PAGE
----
California’s prisons and jails have emptied thousands into a world changed by coronavirus

California
Inmates walk to their cell blocks at the L.A. County Jail. (Gina Ferazzi / Los Angeles Times)

Inmates walk to their cell blocks at the L.A. County Jail. (Gina Ferazzi / Los Angeles Times)

In short order, the coronavirus pandemic has ushered in a sweeping and historic emptying of California’s overcrowded prisons and jails, as officials have dramatically lowered the number of people held in custody to avert deadly outbreaks.

State data show California’s prisons have released about 3,500 inmates while the daily jail population across 58 counties is down by 20,000 from late February.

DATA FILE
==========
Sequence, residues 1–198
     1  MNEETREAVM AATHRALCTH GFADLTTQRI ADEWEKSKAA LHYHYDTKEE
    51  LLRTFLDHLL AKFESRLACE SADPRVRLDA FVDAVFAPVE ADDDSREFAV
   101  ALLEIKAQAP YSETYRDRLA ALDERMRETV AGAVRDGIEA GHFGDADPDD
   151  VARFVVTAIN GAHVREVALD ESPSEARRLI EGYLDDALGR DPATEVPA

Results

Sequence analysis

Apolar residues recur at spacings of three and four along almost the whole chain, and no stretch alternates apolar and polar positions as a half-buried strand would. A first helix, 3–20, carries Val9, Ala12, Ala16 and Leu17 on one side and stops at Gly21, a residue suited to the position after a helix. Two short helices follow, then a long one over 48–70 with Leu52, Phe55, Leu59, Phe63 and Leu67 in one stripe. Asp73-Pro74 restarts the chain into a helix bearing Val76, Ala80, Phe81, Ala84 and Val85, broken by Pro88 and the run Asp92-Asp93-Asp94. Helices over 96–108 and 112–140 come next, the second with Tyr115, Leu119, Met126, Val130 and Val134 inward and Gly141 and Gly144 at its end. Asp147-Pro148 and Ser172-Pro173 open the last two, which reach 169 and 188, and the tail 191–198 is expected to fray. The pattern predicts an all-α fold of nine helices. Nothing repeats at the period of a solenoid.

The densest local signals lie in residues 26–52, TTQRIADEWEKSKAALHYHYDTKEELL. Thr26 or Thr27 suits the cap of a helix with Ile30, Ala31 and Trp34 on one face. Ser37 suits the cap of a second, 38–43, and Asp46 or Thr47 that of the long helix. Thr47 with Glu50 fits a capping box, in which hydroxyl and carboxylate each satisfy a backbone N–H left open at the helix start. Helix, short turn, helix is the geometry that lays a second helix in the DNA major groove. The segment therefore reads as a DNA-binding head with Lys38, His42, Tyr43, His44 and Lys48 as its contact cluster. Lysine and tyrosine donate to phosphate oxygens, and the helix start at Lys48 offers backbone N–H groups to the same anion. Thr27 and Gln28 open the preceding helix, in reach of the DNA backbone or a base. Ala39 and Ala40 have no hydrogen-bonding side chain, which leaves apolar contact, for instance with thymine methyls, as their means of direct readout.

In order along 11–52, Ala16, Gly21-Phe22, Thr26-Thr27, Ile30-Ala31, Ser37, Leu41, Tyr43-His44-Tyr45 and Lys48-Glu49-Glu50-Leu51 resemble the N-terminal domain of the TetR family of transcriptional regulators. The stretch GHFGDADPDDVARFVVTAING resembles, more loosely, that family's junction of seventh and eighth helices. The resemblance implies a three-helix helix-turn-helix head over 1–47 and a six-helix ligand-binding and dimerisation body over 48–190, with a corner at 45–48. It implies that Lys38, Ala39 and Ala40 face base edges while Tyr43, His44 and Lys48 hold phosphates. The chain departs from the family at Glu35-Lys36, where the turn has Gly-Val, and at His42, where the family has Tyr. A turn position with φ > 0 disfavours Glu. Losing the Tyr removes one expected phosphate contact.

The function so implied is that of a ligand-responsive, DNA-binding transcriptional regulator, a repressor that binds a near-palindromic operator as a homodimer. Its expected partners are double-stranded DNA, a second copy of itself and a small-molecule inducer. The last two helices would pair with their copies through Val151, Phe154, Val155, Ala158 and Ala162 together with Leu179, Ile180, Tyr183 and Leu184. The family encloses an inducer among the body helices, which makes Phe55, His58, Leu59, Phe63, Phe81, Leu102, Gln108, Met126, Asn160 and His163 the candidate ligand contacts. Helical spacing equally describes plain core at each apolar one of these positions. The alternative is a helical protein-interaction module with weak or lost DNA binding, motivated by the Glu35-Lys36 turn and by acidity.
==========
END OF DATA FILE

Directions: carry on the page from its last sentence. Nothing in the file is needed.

The exodus is having a profound and still-evolving effect: Those leaving custody enter a vastly different world in which a collapsed economy, scant job opportunities and the closure of many government offices have compounded the challenges of getting lives back on track.

Reentry programs are struggling to meet the deluge of incoming inmates as the disease has forced them to close shelters and serve fewer people.

Read the full story on LATimes.com.

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